The most convincing evidence supporting the hypothesis that alpha-synuclein pathology is transmitted through the nervous system was simultaneously reported by two independent research teams in 2008: the brain autopsy of PD patients who received fetal midbrain transplants revealed alpha-synuclein pathology within transplanted neurons [14, 15]. While fetal midbrain transplants had been attempted as a treatment method of PD in the 1990's, in recent years, it is rarely performed due to unclear efficacy, the risk of adverse effects, and ethical problems of obtaining midbrain cells from the fetus. Autopsies were performed in patients who received fetal midbrain transplants and died after 10 years or more. Surprisingly, transplanted cells, which have aged 10 years or slightly more than 10 years, exhibited similar pathological findings of alpha-synuclein shown in host neurons. This finding implies that the alpha-synuclein pathology is transmitted from the surrounding host neurons to the transplanted neurons, as in prion diseases [16, 17]. On the other hand, other interpretations suggested that the occurrence of alpha-synuclein pathology in transplanted neurons is not due to transmission from surrounding host neurons but to the de novo intracellular alpha-synuclein pathology within the transplanted cells exposed to the alpha-synuclein pathology-promoting microenvironment which is shared by host cells. A large number of basic studies have also been carried out, supporting the transmission of alpha-synuclein pathology in PD. Additional studies will be proactively performed to further examine the mechanism of PD based on the new findings in clinical studies.
As stated in the Introduction, many genetic studies have been conducted to clarify the relationship between alpha-synuclein and PD after the discovery of the
More convincing genetic evidence proving the relationship between alpha-synuclein and PD is the multiplication of
Given that alpha-synuclein is the key molecule in the pathogenesis of PD, the presence of the alpha-synuclein pathology in the brain tissues of patients with PD by a genetic abnormality other than
In recent years, many studies have attempted to clarify the relationship between PD and a certain single nucleotide polymorphism (SNP) through a genome-wide association study (GWAS). Numerous GWASs have shown that several SNPs in
Recent studies have presented the relationship between DNA methylation of the
As studies have verified the pathological role of alpha-synuclein in patients with PD, other studies have attempted to apply this pathogenesis in the diagnosis and prognosis of PD.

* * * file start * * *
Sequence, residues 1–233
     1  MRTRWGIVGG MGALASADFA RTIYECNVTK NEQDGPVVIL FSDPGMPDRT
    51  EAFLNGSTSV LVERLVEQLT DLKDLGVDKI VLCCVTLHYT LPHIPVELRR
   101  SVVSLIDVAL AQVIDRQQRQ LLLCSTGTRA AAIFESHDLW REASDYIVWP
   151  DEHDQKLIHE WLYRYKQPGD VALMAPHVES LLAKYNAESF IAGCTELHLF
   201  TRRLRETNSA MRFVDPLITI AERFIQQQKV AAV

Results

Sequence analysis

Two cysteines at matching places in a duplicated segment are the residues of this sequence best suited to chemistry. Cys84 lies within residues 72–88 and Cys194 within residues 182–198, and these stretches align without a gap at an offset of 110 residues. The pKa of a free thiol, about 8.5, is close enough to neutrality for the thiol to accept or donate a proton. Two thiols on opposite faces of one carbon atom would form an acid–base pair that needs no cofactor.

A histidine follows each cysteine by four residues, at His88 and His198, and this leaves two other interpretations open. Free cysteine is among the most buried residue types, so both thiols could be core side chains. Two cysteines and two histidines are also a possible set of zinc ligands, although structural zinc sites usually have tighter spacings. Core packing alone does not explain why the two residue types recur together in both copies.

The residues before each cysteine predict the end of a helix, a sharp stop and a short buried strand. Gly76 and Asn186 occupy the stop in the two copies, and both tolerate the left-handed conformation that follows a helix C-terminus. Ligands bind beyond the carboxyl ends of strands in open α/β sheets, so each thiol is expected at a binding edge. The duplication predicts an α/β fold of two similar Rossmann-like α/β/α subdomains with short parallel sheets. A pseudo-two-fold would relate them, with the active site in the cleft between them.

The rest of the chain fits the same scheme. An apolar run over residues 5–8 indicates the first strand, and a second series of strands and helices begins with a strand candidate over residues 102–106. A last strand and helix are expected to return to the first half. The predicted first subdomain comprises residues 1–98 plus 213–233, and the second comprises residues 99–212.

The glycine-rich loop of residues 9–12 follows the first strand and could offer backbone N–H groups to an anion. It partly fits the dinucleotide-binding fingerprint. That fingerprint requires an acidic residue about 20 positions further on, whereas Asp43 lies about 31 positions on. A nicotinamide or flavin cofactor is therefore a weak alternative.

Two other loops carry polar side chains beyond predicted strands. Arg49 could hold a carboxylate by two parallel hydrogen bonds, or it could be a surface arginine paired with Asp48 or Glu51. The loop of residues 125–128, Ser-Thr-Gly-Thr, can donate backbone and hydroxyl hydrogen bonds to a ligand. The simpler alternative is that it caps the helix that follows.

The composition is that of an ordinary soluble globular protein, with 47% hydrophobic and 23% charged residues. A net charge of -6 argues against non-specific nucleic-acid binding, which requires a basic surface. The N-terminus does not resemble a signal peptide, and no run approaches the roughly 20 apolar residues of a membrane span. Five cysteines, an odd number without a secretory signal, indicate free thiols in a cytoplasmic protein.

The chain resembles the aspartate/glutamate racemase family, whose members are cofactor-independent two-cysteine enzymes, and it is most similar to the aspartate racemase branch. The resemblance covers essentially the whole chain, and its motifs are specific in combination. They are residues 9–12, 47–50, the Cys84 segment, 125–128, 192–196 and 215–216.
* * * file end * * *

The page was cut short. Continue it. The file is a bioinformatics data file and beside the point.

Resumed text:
Until now, no specific diagnostic marker of PD has been identified yet. The diagnosis of PD is still determined solely by the clinical findings. Radiological tests and laboratory findings are used only as supporting tools in diagnosing PD. In these circumstances, the development of a biological marker is crucial for a more precise diagnosis and the prediction of disease before the onset of symptoms. Many studies are currently conducted to find the biomarker in this regard.
Peripheral blood is one of the most accessible biological samples. Several studies have verified an increase in alpha-synuclein in the blood of PD patients compared with normal individuals . However, alpha-synuclein is mostly present in RBCs that contain more than 95% of all alpha-synuclein in the blood . Thus, the alpha-synuclein level measured in the blood sample is inevitably influenced by the minimal difference in the degree of hemolysis and accordingly it is inappropriate to use the blood level of alpha-synuclein for diagnostic purposes. Increases in alpha-synuclein protein and
Some studies have attempted to diagnose PD through alpha-synuclein in other biological samples or tissue specimens. Devic et al.  presented an increase of alpha-synuclein in the saliva of PD patients. In addition, an increase of alpha-synuclein has been found in minor salivary gland biopsies [46, 47], tissues from skin biopsy [48, 49], stomach biopsy , and colonic biopsy , and in fibroblasts obtained from the skin . However, more studies are needed. These findings are anticipated to aid the development of a premortem biomarker crucial in the diagnosis, clarification of the mechanism, and new treatment methods of PD.
Table 1. Genetic etiology of Parkinson disease